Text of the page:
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Throughout my entire life, I have been lucky enough to have several strong women to inspire and influence me as I’ve grown up. My experience within my small little bubble led me to assume that women in positions of power are a normality. Constantly, women would encourage me to reach high. I had been sheltered enough to be unaware of the extreme lack of women in power in my own country—a country that prides itself on inclusivity and opportunity. I guess I never knew that I was missing some sort of strong female leader to feel truly included in the place I call my home.

Watching Vice President Kamala Harris give her speech on election night dramatically changed my perception of women and in turn, myself. I couldn’t help but tear up just watching her speak and question my previous thinking. Sure, I may have women to inspire me at home and in my community, but isn’t that just reinforcing the glass ceiling? Women can be powerful but with limits. Not to mention the fact that other young girls inevitably will not be as lucky as I have been to have powerful women in their home lives. I realized that I have been conditioned to be okay with not seeing people like me (i.e. women) on a large scale and to not view that as a problem.

I have started to become much more aware of these degrading thoughts that I must have been subconsciously taught to think growing up in a primarily patriarchal society. I recently started reading Cassandra Speaks: When Women Are the Storytellers, the Human Story Changes. Elizabeth Lesser explores the traditional roles of women in classically referenced texts like the Bible and Greek epics and analyzes their roles from a different perspective. The book has forced me to understand that a hindrance to feminism and progress has perhaps been my own mindset. Just like so many girls I know, occasionally, I don’t participate in class, speak up against injustice, and feel subconscious about my worth. Lesser quotes Carol Gilligan to begin a chapter about the biblical story of Cassandra, a woman who was all knowing but never believed: “The hardest times for me were not when people challenged what I said but when my voice was not heard” (53). I have inevitably held myself back from small chances to break through the glass ceiling, even if just for a moment.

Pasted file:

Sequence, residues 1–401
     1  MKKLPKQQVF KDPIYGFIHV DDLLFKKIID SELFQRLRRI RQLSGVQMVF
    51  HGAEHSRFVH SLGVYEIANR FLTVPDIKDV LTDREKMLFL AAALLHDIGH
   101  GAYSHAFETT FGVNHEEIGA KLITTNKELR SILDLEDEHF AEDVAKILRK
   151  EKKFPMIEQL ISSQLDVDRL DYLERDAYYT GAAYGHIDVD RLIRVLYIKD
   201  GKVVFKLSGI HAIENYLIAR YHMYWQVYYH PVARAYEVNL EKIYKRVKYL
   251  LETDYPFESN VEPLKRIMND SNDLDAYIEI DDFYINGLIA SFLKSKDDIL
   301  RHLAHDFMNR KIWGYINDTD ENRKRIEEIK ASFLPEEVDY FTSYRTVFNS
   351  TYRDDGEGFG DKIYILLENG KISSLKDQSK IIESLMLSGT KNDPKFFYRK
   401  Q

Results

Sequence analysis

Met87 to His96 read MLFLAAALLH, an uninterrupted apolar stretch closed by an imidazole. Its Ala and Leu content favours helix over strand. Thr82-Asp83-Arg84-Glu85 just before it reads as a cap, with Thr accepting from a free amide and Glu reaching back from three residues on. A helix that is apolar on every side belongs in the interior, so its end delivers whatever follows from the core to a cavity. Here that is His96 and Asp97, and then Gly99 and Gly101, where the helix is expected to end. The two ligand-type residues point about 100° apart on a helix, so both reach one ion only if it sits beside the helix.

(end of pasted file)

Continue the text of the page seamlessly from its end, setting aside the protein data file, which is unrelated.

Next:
Watching Vice President Kamala Harris lead the nation was not only a wake up call for the historically white male political system of the United States, but also for all of the women who doubt themselves. Harris reminds me to question myself as well as the system. She begs us all to ask ourselves how we may be contributing to our own lack of power and leadership. Ultimately, I am inspired by her example and excited to be a part of an era of change.

Lesser, E. (2020). Cassandra speaks: When women are the storytellers, the human story changes. New York, NY: Harper Wave, an imprint of HarperCollins.

Lilly Doninger is a member of the class of 2024 at William & Mary from Louisville, Kentucky. She hopes to major in International Relations. In her free time, she enjoys playing tennis, watching movies, and journaling. Lilly also writes weekly for her personal blog, Ridiculous but Respectable.
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